Mapping Cornerstones – Retelling history
NEW YORK— William D. McCracken eyed his target on the far side of a security checkpoint outside New York Police Department headquarters. Metal detectors ringed the fortress-like building, and the police officer on guard was wary.
Mr. McCracken’s intentions weren’t nefarious. All he wanted was to snap a photograph of the cornerstone, dated 1973, at One Police Plaza in lower Manhattan. The cop barred him from the restricted area, then borrowed Mr. McCracken’s camera and took the photo himself.
For the past six years, the 39-year-old real-estate lawyer has been combing both sides of every street in Manhattan in a quest to document the dated, inscribed rocks that serve as birth certificates for buildings. By foot and on bike, often accompanied by his Labradoodle named Martin, Mr. McCracken has amassed an online archive of the island’s 1,100-plus surviving cornerstones. (See some on an interactive map.)
“I’m 90% sure I have 90% of them,” he says. “And I’m 100% sure I don’t have 100% of them.” His wife Amy usually sleeps in when he rises at 6 a.m. to find new cornerstones. “He’s mission-driven,” she says. “It can be a grind.”
Mr. McCracken’s search has gotten tougher as the venerable cornerstone is abandoned by developers. The load-bearing stones have largely gone the way of the flying buttress since the postwar advent of reinforced concrete and steel-frame construction. The walls of such buildings are often hung from above.
The 20-ton granite block laid as the cornerstone for the Freedom Tower was removed in 2006 when the skyscraper was reconfigured for security reasons and won’t be part of the soon-to-open tower now called One World Trade Center.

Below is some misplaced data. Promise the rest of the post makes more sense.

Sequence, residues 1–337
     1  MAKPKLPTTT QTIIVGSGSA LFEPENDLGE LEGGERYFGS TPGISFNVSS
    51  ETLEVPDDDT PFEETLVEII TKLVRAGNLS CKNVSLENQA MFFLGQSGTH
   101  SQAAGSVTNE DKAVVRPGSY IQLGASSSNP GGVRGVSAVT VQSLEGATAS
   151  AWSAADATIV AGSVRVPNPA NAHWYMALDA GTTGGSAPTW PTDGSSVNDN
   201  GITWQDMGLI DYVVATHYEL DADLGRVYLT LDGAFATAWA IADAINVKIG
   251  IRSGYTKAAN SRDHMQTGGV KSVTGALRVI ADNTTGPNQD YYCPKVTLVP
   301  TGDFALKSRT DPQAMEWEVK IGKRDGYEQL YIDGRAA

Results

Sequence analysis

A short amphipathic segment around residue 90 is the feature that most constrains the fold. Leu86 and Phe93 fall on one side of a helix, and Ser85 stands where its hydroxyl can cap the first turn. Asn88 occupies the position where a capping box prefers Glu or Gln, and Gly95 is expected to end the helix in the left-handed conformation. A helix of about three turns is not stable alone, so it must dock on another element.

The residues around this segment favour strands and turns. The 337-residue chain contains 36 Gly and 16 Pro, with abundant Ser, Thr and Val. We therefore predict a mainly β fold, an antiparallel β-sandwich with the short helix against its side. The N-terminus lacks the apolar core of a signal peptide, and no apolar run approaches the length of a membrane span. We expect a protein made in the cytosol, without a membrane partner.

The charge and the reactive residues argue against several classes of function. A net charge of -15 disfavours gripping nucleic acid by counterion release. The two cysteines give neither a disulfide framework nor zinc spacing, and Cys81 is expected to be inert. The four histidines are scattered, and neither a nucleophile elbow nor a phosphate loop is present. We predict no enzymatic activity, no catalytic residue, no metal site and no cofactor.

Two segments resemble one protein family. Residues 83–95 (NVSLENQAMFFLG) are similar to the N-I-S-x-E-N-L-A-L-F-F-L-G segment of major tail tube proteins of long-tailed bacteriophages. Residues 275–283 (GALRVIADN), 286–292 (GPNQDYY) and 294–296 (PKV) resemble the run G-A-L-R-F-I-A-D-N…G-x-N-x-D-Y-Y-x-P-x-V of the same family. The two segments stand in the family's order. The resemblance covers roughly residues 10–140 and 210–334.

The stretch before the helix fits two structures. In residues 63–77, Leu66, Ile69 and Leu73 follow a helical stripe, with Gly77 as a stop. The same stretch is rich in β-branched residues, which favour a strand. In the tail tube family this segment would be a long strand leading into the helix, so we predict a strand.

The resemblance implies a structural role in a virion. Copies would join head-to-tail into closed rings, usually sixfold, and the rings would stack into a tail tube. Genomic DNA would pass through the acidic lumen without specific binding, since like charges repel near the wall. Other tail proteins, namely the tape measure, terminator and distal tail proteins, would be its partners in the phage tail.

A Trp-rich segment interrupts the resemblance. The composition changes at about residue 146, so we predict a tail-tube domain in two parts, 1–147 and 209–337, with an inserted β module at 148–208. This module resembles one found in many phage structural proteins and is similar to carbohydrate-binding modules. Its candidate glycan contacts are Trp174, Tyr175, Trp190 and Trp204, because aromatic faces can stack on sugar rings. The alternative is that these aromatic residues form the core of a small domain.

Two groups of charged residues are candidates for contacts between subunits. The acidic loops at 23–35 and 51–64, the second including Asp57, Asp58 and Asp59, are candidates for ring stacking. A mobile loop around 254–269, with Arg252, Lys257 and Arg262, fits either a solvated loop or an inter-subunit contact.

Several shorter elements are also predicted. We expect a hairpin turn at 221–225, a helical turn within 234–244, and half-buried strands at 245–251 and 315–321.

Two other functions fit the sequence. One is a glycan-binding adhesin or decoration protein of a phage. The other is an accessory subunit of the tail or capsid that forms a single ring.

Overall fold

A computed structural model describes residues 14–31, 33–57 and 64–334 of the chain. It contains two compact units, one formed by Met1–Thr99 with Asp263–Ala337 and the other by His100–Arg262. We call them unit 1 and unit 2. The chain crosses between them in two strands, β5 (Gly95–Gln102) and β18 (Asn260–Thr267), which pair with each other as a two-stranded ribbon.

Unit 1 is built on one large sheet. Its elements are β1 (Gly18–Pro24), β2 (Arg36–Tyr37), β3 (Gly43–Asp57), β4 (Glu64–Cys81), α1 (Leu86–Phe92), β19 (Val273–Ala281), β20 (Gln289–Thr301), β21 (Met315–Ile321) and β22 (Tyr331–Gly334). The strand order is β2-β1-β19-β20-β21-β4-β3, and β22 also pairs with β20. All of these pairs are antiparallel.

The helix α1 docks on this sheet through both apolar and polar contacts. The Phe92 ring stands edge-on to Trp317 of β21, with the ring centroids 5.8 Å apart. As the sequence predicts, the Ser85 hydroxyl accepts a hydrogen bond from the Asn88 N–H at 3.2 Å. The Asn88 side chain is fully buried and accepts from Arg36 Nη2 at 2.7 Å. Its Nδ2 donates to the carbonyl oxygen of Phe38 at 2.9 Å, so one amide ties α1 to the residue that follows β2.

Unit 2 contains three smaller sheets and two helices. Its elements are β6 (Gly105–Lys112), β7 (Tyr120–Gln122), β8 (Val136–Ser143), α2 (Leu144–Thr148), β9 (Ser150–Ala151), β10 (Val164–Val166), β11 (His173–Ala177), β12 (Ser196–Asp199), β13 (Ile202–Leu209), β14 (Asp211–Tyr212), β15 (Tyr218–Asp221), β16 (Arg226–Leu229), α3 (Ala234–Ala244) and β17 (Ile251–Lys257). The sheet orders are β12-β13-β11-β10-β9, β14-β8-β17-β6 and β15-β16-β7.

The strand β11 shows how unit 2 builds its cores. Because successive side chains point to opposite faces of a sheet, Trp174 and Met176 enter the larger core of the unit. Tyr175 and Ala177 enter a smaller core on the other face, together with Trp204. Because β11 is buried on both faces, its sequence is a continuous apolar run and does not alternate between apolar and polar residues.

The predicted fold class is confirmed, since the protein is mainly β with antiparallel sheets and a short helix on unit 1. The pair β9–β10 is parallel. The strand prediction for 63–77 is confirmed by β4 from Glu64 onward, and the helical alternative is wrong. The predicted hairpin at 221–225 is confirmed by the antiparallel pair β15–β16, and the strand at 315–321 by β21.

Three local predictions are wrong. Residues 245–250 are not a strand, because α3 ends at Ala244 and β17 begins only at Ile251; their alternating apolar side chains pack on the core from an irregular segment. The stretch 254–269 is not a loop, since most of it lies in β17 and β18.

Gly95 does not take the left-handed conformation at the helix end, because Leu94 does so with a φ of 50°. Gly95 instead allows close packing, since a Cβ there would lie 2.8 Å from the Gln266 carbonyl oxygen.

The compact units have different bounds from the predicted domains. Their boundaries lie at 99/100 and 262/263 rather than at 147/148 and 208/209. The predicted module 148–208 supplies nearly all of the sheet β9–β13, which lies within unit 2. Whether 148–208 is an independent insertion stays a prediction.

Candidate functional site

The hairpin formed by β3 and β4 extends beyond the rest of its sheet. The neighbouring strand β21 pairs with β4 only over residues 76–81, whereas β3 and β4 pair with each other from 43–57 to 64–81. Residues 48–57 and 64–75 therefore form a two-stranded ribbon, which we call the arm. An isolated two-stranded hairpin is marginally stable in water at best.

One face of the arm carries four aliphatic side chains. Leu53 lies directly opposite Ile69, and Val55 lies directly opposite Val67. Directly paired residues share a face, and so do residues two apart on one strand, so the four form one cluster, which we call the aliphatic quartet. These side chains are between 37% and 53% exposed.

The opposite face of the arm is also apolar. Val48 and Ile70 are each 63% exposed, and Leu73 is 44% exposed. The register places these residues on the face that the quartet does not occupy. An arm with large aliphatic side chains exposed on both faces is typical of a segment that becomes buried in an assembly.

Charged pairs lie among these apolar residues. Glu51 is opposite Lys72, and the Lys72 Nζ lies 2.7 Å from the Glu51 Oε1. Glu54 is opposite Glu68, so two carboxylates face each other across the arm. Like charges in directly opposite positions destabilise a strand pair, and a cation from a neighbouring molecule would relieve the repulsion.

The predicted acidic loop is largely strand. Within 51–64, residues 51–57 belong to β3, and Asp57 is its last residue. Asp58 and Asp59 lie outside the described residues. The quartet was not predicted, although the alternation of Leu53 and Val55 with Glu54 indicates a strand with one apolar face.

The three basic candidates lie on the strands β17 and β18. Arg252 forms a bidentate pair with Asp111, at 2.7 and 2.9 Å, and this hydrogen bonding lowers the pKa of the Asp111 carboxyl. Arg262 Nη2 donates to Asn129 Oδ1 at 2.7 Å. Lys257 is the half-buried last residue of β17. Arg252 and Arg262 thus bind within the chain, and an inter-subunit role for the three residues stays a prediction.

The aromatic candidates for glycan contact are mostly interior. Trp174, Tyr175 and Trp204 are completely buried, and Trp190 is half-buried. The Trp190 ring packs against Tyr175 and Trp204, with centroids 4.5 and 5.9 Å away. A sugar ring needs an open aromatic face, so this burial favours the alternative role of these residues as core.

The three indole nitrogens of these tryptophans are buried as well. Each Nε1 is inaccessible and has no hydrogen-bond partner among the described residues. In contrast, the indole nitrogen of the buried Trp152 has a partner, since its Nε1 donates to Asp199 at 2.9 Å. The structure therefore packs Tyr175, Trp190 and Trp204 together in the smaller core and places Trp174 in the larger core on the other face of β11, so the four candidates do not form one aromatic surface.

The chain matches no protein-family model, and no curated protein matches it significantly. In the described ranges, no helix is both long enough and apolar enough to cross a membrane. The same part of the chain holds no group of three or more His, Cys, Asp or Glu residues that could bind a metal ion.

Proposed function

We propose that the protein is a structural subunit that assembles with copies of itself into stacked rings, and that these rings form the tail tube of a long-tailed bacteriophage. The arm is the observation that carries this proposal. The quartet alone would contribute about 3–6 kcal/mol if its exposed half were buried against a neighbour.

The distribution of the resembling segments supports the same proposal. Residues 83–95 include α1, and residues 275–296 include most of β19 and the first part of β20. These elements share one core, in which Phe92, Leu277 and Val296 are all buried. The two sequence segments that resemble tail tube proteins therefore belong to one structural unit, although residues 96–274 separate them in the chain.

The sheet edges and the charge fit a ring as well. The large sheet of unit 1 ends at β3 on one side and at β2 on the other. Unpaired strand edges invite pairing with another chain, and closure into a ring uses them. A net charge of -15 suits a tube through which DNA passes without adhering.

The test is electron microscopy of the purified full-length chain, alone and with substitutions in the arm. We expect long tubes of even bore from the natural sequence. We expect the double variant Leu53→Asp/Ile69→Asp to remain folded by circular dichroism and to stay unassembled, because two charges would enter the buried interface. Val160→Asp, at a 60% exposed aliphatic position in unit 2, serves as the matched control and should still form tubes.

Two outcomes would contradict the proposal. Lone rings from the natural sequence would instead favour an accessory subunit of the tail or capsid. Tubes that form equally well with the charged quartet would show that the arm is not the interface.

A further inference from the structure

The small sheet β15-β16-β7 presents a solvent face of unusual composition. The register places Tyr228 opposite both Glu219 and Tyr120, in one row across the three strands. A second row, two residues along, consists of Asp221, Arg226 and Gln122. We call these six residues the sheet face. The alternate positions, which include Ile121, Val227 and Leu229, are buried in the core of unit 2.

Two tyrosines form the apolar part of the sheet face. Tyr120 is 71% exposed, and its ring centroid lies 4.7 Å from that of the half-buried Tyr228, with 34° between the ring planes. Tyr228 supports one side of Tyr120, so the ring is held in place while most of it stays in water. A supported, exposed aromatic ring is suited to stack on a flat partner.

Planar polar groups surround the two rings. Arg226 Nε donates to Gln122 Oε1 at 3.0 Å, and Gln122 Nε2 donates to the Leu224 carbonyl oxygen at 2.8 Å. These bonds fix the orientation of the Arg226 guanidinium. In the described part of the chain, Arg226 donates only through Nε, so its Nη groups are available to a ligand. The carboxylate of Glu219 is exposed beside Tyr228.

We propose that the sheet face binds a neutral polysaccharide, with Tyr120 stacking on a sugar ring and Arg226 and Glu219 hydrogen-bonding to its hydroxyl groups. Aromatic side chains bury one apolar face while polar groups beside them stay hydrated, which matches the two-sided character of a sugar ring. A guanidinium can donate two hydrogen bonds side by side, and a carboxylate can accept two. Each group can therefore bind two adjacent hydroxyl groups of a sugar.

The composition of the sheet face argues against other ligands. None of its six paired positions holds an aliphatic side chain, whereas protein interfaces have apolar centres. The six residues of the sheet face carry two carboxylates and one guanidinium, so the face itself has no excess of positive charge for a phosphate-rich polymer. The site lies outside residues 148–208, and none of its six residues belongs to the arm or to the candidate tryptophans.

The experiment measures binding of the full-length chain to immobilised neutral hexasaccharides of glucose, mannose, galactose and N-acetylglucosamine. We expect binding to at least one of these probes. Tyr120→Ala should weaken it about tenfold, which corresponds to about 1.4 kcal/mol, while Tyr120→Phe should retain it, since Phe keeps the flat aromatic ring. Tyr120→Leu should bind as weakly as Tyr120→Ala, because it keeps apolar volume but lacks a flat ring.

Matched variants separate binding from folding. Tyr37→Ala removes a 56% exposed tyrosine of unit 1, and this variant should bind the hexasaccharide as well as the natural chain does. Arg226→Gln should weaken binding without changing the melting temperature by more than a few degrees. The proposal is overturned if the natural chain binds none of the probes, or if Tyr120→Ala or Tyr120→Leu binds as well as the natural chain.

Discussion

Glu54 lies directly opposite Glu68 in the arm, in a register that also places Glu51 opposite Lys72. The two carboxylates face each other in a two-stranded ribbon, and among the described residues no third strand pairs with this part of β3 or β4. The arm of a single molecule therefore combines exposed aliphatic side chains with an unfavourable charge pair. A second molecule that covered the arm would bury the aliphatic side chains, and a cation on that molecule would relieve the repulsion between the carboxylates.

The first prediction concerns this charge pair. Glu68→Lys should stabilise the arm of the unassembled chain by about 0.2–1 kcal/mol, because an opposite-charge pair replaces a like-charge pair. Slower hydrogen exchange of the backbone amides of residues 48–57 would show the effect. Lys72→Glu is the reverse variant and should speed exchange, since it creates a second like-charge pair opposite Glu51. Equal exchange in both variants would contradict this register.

Historically, a building in New York City rose in relation to its cornerstone, with facade walls aligned in reference to the rock. The block typically bore a date and often a message. “Jesus Christ Himself Being the Chief Cornerstone” was big in the 1880s and 1890s.
Ceremonies and parades accompanied cornerstone-layings, often led by Freemasons who sprinkled a rock with corn and anointed it with wine and oil to represent plenty, refreshment and joy. Dignitaries made speeches and wielded trowels.
“It’s a noble tradition that enriches the experience of city life, but it’s gotten almost completely forgotten,” says Robert A.M. Stern, dean of the Yale School of Architecture and lead designer of 15 Central Park West, a condominium building which has a cornerstone, and several other New York luxury condos which don’t.
The cornerstone reigned when buildings were heavily loaded at the ground. One of Manhattan’s oldest survivors, dated 1797, anchored the original Bank of New York Building at 48 Wall Street.
That stone, salvaged from a long-ago demolition, now sits in the 1927 building on the site. Mr. McCracken, a cornerstone purist, doesn’t deem it New York’s oldest. He bestows that honor on the oldest stone still housed in its original building, which he believes is St. Andrew’s Episcopal Church in Harlem, dated 1872.